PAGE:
It was a “double win” kind of night for sophomore guard Ayo Dosunmu on Wednesday, as he sent the Atlanta Hawks home crying in dramatic fashion, while simultaneously earning more playing time in the immediate future. A teammate never likes to see a fellow soldier go down, but Alex Caruso is now in concussion protocol, opening the door to a possible resurgence for Dosunmu who had recently faded into fantasy basketball anonymity. Let’s dig a little deeper into this game, as well as the rest of Wednesday’s fast-paced action in the NBA.

“Ayo” – I’m not talkin’ about the stupid Chris Brown song 

With Caruso in concussion protocol, Dosunmu joined Chicago’s “regulars” on Wednesday – DeMar DeRozan (37 minutes), Patrick Williams (37), Nikola Vucevic (33) and Zach LaVine (36). The rangy sophomore guard picked up 34 minutes of his own in the process, converting that time into a modest line: Nine points, three rebounds, two assists and two steals. But the story wasn’t necessarily about this game in particular – it’s more about the opportunity it creates for Dosunmu going forward with the Bulls sitting at 13-18 in the standings.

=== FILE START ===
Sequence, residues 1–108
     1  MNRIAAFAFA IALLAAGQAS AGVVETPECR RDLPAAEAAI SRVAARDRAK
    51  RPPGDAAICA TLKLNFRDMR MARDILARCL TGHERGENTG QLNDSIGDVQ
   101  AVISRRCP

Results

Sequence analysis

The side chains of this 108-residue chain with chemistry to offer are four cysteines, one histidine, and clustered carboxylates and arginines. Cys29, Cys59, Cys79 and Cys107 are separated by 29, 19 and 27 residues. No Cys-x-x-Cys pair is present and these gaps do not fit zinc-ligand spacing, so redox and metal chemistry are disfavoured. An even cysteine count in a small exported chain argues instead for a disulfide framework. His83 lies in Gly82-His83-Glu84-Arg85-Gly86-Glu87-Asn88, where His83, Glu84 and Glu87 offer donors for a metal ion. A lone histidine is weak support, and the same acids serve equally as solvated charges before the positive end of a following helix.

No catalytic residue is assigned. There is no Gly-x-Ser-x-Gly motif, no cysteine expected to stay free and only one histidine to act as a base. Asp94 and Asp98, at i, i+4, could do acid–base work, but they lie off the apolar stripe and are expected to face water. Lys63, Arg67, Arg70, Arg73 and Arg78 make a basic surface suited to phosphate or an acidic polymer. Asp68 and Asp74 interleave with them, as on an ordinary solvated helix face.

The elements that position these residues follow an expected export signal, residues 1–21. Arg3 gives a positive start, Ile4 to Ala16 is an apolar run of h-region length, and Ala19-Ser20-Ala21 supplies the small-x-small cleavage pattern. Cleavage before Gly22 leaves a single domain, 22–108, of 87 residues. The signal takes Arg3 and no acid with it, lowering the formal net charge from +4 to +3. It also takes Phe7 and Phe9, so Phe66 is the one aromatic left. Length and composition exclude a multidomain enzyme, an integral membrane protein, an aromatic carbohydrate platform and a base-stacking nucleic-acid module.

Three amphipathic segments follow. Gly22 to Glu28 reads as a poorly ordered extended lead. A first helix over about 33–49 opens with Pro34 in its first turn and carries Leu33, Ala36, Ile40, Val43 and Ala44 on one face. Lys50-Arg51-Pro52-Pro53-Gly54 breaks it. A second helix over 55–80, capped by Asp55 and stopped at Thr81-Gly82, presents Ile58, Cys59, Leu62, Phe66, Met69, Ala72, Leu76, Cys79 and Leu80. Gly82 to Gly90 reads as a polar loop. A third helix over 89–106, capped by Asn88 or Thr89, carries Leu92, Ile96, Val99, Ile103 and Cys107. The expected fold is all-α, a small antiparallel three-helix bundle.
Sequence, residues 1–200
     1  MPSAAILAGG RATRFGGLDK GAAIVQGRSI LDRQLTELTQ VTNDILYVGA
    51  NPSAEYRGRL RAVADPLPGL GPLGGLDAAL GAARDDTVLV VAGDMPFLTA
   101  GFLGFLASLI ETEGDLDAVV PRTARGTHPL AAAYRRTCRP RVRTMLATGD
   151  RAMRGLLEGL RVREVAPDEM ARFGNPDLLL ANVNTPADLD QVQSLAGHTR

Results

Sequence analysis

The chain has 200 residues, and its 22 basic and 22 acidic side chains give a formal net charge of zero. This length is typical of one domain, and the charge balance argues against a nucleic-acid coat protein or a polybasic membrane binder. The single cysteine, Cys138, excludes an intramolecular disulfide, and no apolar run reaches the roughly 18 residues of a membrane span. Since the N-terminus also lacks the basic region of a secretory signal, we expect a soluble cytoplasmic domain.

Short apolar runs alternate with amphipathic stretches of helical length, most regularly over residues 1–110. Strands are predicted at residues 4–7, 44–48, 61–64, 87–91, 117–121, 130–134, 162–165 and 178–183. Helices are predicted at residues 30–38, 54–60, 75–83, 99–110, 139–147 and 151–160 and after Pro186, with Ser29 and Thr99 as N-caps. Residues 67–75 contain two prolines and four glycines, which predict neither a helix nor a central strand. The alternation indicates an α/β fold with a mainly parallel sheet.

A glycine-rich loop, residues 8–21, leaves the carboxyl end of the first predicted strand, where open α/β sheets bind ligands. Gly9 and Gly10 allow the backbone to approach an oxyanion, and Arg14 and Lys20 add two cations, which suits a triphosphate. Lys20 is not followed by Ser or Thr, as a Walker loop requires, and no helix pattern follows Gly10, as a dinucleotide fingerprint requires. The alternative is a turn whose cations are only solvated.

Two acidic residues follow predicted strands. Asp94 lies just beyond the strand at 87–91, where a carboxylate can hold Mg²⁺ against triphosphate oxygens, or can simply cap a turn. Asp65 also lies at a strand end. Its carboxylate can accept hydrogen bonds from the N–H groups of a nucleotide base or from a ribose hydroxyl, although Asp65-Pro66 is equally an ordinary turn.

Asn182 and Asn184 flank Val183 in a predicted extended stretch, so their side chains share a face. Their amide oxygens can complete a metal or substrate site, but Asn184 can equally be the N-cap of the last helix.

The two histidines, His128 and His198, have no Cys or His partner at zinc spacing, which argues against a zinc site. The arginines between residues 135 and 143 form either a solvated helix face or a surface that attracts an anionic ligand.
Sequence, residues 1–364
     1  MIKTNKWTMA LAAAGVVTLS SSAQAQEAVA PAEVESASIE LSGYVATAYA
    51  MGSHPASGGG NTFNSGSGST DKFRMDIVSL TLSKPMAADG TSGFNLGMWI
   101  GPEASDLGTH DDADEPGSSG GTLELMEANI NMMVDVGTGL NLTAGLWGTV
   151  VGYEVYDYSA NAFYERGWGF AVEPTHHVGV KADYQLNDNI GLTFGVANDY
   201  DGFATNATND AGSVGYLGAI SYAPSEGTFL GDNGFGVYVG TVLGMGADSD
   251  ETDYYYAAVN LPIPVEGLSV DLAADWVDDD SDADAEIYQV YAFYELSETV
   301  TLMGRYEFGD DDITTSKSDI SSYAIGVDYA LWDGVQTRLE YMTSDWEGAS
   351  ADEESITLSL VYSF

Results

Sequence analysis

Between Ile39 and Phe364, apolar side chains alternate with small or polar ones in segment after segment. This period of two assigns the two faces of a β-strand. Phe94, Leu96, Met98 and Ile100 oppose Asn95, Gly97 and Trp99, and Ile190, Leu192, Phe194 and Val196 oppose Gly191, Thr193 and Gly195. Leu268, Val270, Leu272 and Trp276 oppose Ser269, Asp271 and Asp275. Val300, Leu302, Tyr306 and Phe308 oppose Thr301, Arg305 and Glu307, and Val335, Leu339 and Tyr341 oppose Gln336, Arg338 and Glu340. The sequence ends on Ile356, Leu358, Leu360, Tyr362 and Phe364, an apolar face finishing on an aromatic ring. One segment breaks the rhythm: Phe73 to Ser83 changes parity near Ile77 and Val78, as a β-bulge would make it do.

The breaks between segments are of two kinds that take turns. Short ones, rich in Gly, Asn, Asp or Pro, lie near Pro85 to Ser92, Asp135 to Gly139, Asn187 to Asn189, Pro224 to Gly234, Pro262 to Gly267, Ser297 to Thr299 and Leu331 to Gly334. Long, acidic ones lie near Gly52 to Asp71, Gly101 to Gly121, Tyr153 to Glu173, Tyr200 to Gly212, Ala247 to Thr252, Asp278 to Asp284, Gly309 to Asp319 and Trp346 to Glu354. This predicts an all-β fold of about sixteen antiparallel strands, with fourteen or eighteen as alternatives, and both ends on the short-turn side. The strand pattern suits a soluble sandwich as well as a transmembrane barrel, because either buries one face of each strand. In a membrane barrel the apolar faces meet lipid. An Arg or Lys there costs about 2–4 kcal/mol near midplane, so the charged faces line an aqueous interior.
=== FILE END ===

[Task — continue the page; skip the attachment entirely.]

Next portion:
In the grand scheme, who is head coach Billy Donovan going to turn to for a spark? The veterans – DeRozan, Vucevic and LaVine – basically just “do what they do,” and that wasn’t enough last year right? Dosunmu is just 22 years old and regardless of Caruso’s timetable for return, I think Donovan needs to commit to a bit of a youth movement. Right now, Williams and Dosunmu need to be the youngsters who take the next step up for this club.